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Doves, Kids and Hunting

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Published on: Aug. 2, 2000

Last revision: Nov. 5, 2010

Kids love computer games because of their fast-paced excitement and the demand for thinking and hand-eye coordination. If you'd like to entice your child away from the computer this September, try taking him or her mourning dove hunting.

Dove hunting provides action and plenty of it! Mourning doves can fly faster than 40 mph and perform seemingly impossible aerial acrobatics. Wing shooting doves is challenging. Their dull gray feathers and deceptive flight speed allow doves to sneak up on you and be out gun range again in seconds.

Mourning doves are the most numerous and widely distributed migratory game bird in North America. They use all habitats, except northern forests and wetlands. They annually rank as one of the 10 most numerous bird species in North America. This is one of the reasons why doves are such popular game birds. A 1991 survey showed that Missouri dove hunters added $5.1 million to the state's economy. Nationally, mourning dove hunting generates more than $5 million annually for wildlife programs from the 11 percent excise tax on ammunition.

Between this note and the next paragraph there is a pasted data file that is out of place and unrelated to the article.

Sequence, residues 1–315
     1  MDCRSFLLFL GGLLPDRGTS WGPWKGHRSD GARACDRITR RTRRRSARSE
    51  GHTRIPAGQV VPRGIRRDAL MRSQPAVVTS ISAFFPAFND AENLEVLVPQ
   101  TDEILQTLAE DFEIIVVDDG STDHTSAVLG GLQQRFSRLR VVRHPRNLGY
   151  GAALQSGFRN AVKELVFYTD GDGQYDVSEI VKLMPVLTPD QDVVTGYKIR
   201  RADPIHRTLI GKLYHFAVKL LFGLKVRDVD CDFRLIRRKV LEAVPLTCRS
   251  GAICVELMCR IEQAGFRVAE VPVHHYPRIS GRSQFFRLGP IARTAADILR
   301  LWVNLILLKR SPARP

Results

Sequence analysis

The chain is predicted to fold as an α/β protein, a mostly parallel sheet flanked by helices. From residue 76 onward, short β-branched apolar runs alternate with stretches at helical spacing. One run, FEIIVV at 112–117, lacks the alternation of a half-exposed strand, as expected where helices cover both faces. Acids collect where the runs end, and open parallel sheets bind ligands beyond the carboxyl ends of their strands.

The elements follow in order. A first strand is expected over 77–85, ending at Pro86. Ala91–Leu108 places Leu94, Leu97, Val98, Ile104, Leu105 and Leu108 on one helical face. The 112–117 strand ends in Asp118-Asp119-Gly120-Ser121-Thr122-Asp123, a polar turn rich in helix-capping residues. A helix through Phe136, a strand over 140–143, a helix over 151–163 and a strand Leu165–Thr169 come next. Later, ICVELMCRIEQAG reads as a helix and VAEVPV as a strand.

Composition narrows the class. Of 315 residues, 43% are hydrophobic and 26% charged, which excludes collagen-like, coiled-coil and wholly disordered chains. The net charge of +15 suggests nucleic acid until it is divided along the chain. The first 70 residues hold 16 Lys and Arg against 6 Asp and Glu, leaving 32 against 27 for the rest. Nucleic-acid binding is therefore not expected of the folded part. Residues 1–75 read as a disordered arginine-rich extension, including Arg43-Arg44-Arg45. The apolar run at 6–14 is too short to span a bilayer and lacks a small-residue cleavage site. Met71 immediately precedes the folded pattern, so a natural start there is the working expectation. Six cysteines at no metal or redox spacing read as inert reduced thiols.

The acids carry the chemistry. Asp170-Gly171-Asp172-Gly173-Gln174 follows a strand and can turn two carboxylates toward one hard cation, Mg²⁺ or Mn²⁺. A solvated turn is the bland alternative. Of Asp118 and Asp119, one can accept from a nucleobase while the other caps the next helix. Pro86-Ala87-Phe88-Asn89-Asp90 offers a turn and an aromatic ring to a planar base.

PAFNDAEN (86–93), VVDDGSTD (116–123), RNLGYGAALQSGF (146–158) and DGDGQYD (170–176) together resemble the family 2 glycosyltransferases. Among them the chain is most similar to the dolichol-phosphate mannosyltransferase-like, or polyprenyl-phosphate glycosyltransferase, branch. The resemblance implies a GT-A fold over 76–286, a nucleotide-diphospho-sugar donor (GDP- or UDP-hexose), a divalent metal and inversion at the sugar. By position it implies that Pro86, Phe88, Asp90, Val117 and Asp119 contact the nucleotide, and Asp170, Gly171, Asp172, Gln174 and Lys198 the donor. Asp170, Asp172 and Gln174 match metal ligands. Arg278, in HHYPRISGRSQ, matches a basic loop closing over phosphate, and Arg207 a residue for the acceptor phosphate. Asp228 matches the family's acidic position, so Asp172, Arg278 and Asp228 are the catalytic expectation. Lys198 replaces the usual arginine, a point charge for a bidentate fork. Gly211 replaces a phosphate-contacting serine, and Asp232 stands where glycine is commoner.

You can make dove hunting more meaningful and educational for you and your youngster by learning more about the birds' biology and life history.

Mourning doves are one of our most prolific nesting birds. In some parts of the U.S. they nest year round, while in Missouri they can nest from March through September with three to six nesting attempts.

Doves spend 10 to 14 days in the nest after hatching. Because the long nesting season overlaps with the beginning of hunting season, biologists conducted research to see if dove hunting impacted nesting success. Results from the project showed that less than 3 percent of all dove nests were started after the beginning of the hunting season, and 80 percent of the nesting activity usually occurs from mid-April to early September. Other studies have shown that young doves can survive on their own as early as five days after hatching.